Review

Mister B. Gone

by Clive Barker

It
has been more than five years since the prolific horror writer
Clive Barker has published an adult novel. And it has been almost
20 years since the film Hellraiser made him an icon. This
fall he is back with another scary tale, MISTER B. GONE.

The titular Mister B. is Jakabok Botch, a demon born and raised in
the ninth circle of hell, where his abusive father tends the trash
heaps of Demonation. The sensitive young Botch takes to writing
down his dreams of torture machines and revenge on his father and
neighborhood bullies. However, all that stops when his mother
discovers his journals. She demands he burn them, but before they
are completely destroyed, his father, Pappy Gatmuss, reads a few
choice passages. Pappy turns on his son in anger, and Botch falls
into the raging fire. Later, the hideous narrator is fished out of
hell, along with his father, by a corrupt priest. He seizes the
opportunity to kill his father, letting him fall back through all
the circles of Demonation to his death.

Now, Botch is on earth's surface and fleeing those who would do the
not-very-supernaturally-talented demon harm. He finds himself in
medieval Europe, a place where demons and angels are as real as any
human, and eventually joins forces with another demon, the powerful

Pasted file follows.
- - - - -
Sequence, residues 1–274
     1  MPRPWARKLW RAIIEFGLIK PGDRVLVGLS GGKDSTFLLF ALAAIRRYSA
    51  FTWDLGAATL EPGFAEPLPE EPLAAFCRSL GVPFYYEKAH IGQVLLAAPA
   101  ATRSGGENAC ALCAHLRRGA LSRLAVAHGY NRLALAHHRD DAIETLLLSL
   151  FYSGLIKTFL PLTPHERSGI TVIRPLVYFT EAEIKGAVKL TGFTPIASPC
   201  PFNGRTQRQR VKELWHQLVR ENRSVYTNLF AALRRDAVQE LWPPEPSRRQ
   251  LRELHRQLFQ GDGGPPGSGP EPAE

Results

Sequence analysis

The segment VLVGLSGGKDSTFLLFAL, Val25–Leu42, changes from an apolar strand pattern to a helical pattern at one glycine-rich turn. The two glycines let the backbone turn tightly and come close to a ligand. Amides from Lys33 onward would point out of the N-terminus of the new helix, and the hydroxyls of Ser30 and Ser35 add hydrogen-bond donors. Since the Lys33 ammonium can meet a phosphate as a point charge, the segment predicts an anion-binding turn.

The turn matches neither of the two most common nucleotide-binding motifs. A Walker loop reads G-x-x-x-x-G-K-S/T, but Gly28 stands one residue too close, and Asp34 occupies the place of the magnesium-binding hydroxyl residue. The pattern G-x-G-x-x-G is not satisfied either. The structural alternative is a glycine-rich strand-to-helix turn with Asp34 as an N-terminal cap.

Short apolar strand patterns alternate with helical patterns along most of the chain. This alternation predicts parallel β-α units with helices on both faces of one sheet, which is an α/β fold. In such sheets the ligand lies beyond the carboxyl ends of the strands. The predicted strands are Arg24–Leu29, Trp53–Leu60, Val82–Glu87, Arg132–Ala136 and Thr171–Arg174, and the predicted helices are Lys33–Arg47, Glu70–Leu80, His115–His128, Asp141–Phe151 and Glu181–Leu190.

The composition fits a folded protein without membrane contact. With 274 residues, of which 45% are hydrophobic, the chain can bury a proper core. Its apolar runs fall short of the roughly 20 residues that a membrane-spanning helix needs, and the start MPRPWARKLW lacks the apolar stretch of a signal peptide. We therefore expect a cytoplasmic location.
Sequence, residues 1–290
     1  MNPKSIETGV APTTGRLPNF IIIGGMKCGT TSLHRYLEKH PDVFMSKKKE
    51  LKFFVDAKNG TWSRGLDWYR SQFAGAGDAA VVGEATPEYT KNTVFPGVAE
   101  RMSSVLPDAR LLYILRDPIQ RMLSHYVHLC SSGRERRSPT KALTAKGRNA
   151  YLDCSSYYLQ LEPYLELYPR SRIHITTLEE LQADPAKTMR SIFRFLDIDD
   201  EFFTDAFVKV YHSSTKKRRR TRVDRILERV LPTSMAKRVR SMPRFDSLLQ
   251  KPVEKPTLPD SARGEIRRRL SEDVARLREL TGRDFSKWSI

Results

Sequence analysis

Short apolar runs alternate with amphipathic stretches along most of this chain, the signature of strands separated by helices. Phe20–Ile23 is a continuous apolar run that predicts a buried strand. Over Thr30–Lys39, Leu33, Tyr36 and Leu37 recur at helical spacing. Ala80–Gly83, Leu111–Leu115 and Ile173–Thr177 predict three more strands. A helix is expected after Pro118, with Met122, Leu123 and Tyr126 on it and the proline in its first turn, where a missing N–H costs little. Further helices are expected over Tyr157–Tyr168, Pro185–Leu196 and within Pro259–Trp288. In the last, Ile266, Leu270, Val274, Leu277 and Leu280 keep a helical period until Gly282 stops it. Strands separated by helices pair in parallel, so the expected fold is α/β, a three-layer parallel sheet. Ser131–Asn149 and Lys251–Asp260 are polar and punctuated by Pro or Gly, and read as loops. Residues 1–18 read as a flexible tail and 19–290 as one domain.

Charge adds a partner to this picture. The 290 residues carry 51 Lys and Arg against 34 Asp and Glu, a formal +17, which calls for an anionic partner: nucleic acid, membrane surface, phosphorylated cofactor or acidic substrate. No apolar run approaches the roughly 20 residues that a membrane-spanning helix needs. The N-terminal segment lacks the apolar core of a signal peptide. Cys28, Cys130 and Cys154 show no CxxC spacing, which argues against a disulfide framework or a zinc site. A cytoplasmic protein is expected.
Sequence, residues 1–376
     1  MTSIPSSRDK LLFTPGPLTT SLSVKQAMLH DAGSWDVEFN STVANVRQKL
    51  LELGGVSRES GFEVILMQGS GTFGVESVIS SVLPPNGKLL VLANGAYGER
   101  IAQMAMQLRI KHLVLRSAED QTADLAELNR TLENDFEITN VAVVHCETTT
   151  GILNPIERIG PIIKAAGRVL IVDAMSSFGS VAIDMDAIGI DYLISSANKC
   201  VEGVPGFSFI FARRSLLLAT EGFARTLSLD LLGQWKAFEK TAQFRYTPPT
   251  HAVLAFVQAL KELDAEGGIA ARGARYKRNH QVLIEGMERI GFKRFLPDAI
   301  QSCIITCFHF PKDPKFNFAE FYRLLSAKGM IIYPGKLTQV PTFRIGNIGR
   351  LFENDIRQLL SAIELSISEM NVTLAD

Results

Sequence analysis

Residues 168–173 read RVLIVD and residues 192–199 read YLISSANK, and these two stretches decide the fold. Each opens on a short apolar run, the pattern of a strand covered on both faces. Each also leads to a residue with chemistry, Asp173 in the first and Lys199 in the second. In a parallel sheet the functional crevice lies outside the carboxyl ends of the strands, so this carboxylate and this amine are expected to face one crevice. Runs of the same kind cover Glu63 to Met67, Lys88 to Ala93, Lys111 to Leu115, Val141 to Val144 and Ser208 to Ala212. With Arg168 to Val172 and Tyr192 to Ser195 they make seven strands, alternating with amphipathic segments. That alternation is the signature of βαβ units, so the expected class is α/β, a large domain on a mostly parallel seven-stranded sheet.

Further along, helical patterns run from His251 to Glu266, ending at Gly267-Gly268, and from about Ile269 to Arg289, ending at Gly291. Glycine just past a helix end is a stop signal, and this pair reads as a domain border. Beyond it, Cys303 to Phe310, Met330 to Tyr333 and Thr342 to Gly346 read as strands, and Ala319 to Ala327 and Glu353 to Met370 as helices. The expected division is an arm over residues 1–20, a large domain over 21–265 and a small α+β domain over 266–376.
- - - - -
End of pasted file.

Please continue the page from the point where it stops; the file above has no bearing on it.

and charming Quintoon Patheea. For a couple hundred years the two
travel Europe, slaying priests and bathing in the blood of
babies.

But they also are always on the lookout for the next great
invention. Quintoon believes that a man in Mainz is about to change
civilization with his invention, and the two head in that
direction. They part bitterly on the road but meet again in the
home of Johannes Gutenberg, where they witness a violent battle
between good and evil and a secret big enough to seduce Botch's
readers. Why does Botch need to seduce the reader? Because he
wants, desperately wants, the book burned. See, the book itself has
been the prison of Botch since that day in Mainz, and he wants to
be released into death; the only person capable of delivering him
is the person reading the book.

Barker's gimmick, that Botch is trapped in the book and is trying
to convince the reader to burn it, is interesting, but it is a
gimmick nonetheless. MISTER B. GONE is flat where it could've been
exciting and cliché where it could've been innovative. It
lacks the intensity, spirit and horror of his better works. Botch
pleads and cajoles endlessly for the reader to just stop reading
and burn the book, but never really digs deep into his own
potentially intriguing tale.

MISTER B. GONE is not without some charm: Barker's humanization of
demons is engaging. His relationship with his soulmate Quintoon and
the idea of the power of words as one that heaven and hell are
willing to fight over are promising, but the author never really
delivers. Despite these criticisms, however, hardcore fans of Clive
Barker will be happy to have their hands on this quirky book (with
wonderfully yellowed pages).

Reviewed by Sarah Rachel Egelman on January 7, 2011

Mister B. Gone
by Clive Barker

  • Publication Date: October 30, 2007
  • Genres: Fiction, Horror
  • Hardcover: 256 pages
  • Publisher: HarperCollins
  • ISBN-10: 0060182989
  • ISBN-13: 9780060182984